Bacteria perform mass suicide to defend their colony
A new study from researchers at Oxford University’s Departments of Zoology and Biochemistry shows that warring bacteria will engage in suicidal attacks in vast numbers to take down competitors.
Bacteria are aggressive organisms that have evolved a host of draconian ways to kill and inhibit their competitors. One of the most extreme of these strategies is where cells actively break themselves apart and die to release large toxins that kill other strains. While it was known that some bacteria do this, the extent of the behaviour was not known and it was typically assumed that only a few cells would perform these suicidal attacks.
A new study, published today in Current Biology, shows this is far from the case: in some areas of bacterial battlegrounds, almost all cells will kill themselves to generate a massive simultaneous attack.
Suicidal behaviours are very rare in the natural world and it is typically hard to understand why they would evolve. This study reveals that millions of bacteria will simultaneously engage in a suicidal behaviour. Moreover, it shows that this occurs in the best studied of all bacteria: the common gut bacterium, Escherichia coli. This discovery has striking similarities to behaviours seen in social insects, bee and ants, which also launch large scale attacks against intruders where many of them perish.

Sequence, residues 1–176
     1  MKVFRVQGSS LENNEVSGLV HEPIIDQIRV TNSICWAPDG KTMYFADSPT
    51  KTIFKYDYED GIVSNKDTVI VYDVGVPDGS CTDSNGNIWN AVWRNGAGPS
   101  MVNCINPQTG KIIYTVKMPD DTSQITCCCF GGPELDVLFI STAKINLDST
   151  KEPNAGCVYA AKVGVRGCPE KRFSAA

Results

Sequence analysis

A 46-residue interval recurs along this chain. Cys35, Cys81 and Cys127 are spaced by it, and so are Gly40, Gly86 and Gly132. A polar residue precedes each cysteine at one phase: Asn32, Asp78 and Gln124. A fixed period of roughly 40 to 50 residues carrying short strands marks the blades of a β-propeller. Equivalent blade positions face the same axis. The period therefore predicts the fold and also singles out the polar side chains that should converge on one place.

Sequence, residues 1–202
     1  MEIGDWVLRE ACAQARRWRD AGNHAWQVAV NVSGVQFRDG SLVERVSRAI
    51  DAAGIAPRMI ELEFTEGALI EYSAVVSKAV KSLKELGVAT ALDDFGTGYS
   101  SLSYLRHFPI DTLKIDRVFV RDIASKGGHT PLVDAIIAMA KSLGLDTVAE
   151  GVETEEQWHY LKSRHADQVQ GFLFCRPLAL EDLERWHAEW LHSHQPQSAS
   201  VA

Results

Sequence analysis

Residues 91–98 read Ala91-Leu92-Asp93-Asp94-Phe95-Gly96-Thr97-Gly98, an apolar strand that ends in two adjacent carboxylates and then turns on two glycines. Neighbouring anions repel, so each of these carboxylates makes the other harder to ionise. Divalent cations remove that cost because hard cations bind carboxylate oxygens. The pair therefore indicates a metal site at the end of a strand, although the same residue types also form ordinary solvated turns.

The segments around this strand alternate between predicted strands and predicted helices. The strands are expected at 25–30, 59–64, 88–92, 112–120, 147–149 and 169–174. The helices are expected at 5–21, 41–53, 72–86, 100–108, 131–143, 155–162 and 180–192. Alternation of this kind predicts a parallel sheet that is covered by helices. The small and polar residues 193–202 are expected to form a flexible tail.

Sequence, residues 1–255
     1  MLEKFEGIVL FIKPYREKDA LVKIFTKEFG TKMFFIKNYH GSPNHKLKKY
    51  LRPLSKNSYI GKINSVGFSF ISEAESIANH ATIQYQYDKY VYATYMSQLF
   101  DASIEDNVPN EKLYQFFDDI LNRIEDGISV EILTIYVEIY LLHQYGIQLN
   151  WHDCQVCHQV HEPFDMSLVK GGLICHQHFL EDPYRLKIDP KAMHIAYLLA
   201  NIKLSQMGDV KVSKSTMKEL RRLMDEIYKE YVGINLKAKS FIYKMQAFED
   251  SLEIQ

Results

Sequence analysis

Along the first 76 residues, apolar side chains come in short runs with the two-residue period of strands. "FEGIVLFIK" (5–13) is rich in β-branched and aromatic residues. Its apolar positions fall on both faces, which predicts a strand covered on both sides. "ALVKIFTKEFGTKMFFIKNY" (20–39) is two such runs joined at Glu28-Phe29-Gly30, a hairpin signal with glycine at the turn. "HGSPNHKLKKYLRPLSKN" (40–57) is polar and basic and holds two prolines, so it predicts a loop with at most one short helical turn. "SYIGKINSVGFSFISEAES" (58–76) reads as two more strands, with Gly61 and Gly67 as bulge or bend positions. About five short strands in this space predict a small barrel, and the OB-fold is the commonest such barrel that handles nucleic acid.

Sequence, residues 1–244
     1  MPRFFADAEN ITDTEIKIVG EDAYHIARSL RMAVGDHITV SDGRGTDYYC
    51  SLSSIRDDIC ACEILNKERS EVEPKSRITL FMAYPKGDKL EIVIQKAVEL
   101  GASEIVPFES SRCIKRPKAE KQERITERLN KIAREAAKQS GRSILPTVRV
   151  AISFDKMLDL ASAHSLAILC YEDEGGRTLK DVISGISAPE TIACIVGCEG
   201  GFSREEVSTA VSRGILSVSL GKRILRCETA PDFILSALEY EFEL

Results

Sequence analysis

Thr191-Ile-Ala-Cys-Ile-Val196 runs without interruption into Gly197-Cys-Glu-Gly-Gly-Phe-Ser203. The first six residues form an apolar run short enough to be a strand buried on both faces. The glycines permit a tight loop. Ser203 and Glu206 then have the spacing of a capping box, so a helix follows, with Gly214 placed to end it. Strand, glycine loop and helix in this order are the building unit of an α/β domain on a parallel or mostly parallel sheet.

Co-author, Dr Elisa Granato, says: ‘The sheer number of bacteria that died in these attacks was very surprising. But the study explains why they do this: cells engage in the suicidal behaviour when they are about to die anyway from a competitor’s toxin. This behaviour represents a last gasp attack from dying cells, which allows them to mount a formidable counter attack before they themselves perish.’
The authors studied bacterial battleground in the laboratory, using 3D time-lapse fluorescence microscopy. They found a way to make the cells change colour when they were engaging in the suicidal behaviour. This allowed them to follow single cells at the front line over time as they engage with competitors and see when and how many cells perform these attacks.
Co-author, Professor Kevin Foster, says: ‘Bacteria, like E. coli, can be both deadly pathogens and protective symbionts that live inside us. Whether these bacteria win their wars, therefore, can be the difference between good health and a devastating disease. The study of bacteria warfare, therefore, might help us to both push back pathogens and promote so-called ‘friendly’ bacteria.’
The researchers hope that by understanding the rules of bacterial warfare more generally and using this to design probiotic bacteria they can be used to promote health and treat infections.